‘‘They are going to need documents,’’ he said. ‘‘The real linchpin of their prosecution is being able to prove the CEO or some other officer or director actively participated in what was going on.’’
Absent direct proof, Weinstein said, prosecutors would have to demonstrate ‘‘willful blindness’’ to matters of safety.
After a 2006 fire that killed two men at a different Massey operation, a memo surfaced that could help prosecutors make that part of the case. In it, Blankenship told workers at the mine that if their bosses asked them to build roof supports or perform similar safety-related tasks, ‘‘ignore them and run coal.’’
‘‘This memo is necessary only because we seem not to understand that the coal pays the bills,’’ he wrote.
Massey settled that lawsuit for undisclosed terms, and its Aracoma Coal subsidiary paid $4.2 million in civil and criminal penalties.
Bruce Stanley, the Pittsburgh attorney who handled that lawsuit and others against Massey, said no managers could act without Blankenship’s direction.
‘‘I cannot imagine that anybody at Hughart’s pay rank could engage in any of the activities that he’s accused of without Don Blankenship’s permission and blessing,’’ Stanley said.
During the Aracoma investigation, memos made clear that Blankenship paid particular attention to mines that were falling short of budget projections, Stanley said. The day of the fire, he called Aracoma’s then-president, wondering why a section crew wasn’t working.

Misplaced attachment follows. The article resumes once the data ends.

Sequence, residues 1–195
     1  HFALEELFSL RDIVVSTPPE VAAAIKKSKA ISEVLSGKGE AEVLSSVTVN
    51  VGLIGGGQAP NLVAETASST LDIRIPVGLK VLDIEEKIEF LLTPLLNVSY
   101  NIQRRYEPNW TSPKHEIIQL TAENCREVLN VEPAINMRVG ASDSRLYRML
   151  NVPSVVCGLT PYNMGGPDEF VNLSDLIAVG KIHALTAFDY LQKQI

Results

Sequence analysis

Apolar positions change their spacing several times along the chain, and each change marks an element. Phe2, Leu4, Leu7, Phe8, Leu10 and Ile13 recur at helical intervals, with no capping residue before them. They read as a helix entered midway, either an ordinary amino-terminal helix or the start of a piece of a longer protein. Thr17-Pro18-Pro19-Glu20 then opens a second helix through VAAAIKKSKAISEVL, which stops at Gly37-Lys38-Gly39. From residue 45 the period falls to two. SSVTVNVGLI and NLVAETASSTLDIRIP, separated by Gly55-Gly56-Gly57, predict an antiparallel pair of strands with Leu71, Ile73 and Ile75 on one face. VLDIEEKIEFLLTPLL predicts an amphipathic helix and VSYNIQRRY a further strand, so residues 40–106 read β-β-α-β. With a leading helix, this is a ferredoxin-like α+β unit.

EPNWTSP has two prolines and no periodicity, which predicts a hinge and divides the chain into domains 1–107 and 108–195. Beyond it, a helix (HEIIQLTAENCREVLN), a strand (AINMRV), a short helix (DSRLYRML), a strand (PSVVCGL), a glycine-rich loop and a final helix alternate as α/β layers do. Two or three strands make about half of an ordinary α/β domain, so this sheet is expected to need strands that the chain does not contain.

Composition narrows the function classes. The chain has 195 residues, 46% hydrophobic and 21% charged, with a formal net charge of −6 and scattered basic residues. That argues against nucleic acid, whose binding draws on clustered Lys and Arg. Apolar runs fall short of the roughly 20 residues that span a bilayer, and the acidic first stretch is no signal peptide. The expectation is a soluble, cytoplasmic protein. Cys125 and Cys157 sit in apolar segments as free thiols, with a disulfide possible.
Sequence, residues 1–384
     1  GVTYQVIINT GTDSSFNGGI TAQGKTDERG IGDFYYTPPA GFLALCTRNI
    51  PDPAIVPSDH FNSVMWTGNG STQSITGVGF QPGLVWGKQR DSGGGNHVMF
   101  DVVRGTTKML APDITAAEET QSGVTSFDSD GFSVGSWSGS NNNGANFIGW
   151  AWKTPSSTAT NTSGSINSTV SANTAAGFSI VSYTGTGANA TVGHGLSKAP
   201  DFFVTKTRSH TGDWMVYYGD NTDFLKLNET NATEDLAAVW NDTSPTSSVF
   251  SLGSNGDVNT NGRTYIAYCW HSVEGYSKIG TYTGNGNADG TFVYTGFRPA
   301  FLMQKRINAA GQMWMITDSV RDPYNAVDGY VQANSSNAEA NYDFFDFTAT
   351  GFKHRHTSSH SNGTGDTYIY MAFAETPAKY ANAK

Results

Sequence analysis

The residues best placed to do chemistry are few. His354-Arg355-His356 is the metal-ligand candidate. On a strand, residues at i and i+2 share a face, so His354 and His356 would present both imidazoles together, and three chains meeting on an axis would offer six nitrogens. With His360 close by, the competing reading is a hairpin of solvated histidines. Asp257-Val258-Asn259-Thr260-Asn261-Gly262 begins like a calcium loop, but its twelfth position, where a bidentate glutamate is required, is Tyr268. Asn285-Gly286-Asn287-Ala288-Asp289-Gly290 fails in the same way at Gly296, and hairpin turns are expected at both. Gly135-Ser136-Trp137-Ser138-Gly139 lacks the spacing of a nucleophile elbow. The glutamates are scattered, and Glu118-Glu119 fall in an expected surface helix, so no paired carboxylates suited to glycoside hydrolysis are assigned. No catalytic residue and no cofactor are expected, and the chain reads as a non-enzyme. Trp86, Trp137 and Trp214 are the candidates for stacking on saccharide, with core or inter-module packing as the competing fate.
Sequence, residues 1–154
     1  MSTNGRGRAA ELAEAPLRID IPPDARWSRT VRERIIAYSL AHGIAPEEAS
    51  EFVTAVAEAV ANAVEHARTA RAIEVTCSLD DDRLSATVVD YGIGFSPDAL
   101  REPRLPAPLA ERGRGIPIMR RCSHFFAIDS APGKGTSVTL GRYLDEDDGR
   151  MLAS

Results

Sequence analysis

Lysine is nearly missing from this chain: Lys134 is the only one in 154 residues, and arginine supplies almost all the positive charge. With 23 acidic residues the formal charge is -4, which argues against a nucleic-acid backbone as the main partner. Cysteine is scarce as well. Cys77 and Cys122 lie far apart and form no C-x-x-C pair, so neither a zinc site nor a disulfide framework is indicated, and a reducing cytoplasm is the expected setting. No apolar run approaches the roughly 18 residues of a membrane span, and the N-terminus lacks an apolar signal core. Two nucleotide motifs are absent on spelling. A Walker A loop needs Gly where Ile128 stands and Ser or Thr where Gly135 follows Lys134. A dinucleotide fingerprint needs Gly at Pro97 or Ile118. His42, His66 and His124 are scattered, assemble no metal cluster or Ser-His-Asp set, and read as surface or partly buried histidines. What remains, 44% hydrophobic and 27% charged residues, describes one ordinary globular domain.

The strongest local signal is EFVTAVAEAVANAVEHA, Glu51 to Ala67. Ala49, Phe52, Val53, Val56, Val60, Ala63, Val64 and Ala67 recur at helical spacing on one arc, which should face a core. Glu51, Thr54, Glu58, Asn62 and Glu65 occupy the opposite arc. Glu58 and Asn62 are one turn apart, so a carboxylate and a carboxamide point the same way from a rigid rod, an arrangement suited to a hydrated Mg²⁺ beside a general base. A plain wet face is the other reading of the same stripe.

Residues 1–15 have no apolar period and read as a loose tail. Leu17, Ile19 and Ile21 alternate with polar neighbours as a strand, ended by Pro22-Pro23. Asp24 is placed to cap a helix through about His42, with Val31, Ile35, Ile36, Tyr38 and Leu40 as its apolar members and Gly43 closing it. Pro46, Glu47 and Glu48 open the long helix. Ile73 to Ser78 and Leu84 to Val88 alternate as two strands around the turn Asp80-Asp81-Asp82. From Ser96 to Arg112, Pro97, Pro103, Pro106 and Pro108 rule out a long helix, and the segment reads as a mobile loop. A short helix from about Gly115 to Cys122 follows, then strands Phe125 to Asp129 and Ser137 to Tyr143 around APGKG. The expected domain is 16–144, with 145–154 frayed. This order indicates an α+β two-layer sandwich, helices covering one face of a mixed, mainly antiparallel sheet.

‘‘Indeed he was super micromanaging all of these mines,’’ Stanley said. ‘‘At the section level and on a daily basis.’’
Hughart is the third person to face serious criminal charges in connection with Upper Big Branch.
Former UBB superintendent Gary May is also cooperating with prosecutors. He pleaded guilty to a federal conspiracy charge for his actions at the mine and is set to be sentenced in January.
Former Massey security chief Hughie Elbert Stover, meanwhile, is appealing his conviction last fall on charges he lied to investigators and ordered a subordinate to destroy documents.
He was sentenced to three years behind bars — one of the stiffest punishments ever handed down in a mine safety case — but has been free pending appeal. Witnesses testified that Stover instructed mine guards to send radio alerts whenever inspectors entered the property. He’s denied any wrongdoing.
The explosion at Upper Big Branch was sparked by worn teeth on a cutting machine, and fueled by methane and coal dust. It was allowed to propagate by clogged and broken water sprayers. The force of the blast traveled miles of underground corridors, killing men instantly.
Goodwin’s office negotiated a $210 million agreement with Alpha to settle past violations at UBB and other Massey mines, protecting the company from criminal prosecution.
But individuals remain on the hook.
Jeffrey Sloman, a former U.S. attorney in Miami, said criminal prosecutions of big-company CEOs are ‘‘relatively rare, but it happens from time to time.’’
‘‘You see it on Wall Street,’’ he said, ‘‘with New York going after financial crimes cases pretty aggressively.’’
Gary Quarles, who lost his son Gary Wayne at Upper Big Branch, just wants Blankenship to face criminal charges and be held accountable.
‘‘Everybody thinks he’s above the law,’’ he said. ‘‘I want at least something filed against him, to show him you can be had. It doesn’t matter what he’s charged with, just something. ... Even Martha Stewart went to jail. ‘‘
Associated Press writer Larry O'Dell contributed from Richmond, Va.